This beloved 7 foot, 1,400 pound sculpture of an adult manatee guiding her offspring as they swim together welcomes visitors to the downtown area. The piece is a popular backdrop for waterfront photos!
In 1924, the City of Bradenton coined the phrase 'The Friendly City' which still characterizes Bradenton today! A favorite of many, the artwork was duplicated to create an 8’ x 12’ mural on the SpringHill Suites.
This 120' mosaic is created out of ceramic tile and colorful art glass. Every 8-10 feet a new theme emerges, depicting life in Bradenton. Notice the beautiful blue mosaic river. The fish in the river were created by community members.
Depicting a pair of flipflops, this is one of three bright red sculptures with a purpose. They add a splash of fun to the place where you park your bicycle!
Depicting a cup and saucer on an angle, this is one of three bright red sculptures with a purpose. They add a splash of fun to the place where you park your bicycle!
Cheers! Two mugs 'toasting'. This is one of three bright red sculptures with a purpose. They add a splash of fun to the place where you park your bicycle!
This art was designed to create visual connectivity between downtown Bradenton and the Village of the Arts. The abstract spheres are applied directly to the asphalt using commercial grade thermoplastic.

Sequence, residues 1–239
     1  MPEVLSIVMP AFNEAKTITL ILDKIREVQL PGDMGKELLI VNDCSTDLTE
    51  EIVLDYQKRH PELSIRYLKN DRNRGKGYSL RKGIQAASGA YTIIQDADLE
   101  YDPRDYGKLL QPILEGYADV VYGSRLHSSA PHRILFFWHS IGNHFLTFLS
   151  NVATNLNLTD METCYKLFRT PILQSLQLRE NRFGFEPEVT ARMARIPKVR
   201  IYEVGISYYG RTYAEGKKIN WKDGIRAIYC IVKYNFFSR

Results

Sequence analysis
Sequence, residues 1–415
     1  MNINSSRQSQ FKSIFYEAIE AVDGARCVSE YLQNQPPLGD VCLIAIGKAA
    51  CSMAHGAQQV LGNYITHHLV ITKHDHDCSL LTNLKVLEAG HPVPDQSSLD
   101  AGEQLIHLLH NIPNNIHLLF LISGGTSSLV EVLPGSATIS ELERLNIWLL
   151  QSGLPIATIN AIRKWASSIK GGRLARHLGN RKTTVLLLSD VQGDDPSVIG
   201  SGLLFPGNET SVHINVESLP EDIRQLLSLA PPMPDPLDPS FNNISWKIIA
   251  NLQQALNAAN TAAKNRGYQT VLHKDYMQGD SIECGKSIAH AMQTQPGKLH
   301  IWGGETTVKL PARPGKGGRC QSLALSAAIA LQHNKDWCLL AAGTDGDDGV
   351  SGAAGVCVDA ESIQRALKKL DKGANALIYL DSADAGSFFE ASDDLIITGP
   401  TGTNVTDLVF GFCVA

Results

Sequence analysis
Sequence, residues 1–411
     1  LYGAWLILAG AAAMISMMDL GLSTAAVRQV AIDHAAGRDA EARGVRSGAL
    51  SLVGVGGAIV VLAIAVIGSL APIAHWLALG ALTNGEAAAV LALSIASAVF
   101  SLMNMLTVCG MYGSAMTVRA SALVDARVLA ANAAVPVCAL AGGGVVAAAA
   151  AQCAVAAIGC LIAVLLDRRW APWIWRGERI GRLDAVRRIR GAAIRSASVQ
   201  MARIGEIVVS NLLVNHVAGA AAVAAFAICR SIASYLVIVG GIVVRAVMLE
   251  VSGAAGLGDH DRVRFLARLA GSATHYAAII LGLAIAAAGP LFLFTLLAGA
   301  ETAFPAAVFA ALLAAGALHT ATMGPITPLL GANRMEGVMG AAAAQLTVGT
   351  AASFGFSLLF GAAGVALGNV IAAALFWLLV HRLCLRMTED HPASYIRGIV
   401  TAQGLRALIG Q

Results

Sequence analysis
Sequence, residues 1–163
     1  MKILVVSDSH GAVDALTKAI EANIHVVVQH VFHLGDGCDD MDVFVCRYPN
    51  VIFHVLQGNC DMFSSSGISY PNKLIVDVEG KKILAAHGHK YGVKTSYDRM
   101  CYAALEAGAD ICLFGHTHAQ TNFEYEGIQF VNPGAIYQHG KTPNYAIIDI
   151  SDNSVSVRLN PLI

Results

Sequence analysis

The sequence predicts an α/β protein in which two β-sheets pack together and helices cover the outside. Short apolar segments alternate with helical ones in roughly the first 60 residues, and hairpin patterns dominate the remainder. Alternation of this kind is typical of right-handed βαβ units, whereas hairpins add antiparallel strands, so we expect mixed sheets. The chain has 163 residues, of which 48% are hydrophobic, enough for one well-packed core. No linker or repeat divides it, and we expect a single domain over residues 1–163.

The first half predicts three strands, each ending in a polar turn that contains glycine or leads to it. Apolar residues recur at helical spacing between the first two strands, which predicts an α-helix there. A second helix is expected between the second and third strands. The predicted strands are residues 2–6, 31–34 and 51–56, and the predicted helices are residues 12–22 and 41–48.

Sampling of Public Art on the Riverwalk
Two vertical stainless steel dishes create an acoustic space for reflecting and focusing sound. Participants can generate sound waves by clapping and stop them with a wave of the hand. Try it!
These 12' tall yellow, purple, green and blue fun, abstract sculptures welcome happy splashers to the Riverwalk Splashpad. Each piece is unique yet complimentary to one another. These pieces are sure to make you smile!
Hand-cast glass blocks embellish the railings at the Outdoor Living Room, adding jewel-toned splashes of color to this serene location along the Riverwalk.
This 7’ bronze sculpture was created by actor and artist Jane Seymour. The sculpture with two hearts linked together symbolizes the philosophy “If your heart is open, love will find its way in.”
A sample of public and community art in Village
Although a formidable creature in the insect world, we think this insect is FUN because he's lime green, unique and looks like he is praying.
Originally located in front of Art Center Manatee, the sculpture was recently moved to the Village of the Arts. Each column represents the earth, sea or sky. A solar fountain will soon be added.
The Chrysalis Launcher aims colorful wings of art toward the Village of the Arts. The colorful wings flutter out and alight on objects in the neighborhood. The piece is angled to invite visitors into the live work community.
A sample of public art and history sites on Old Main Street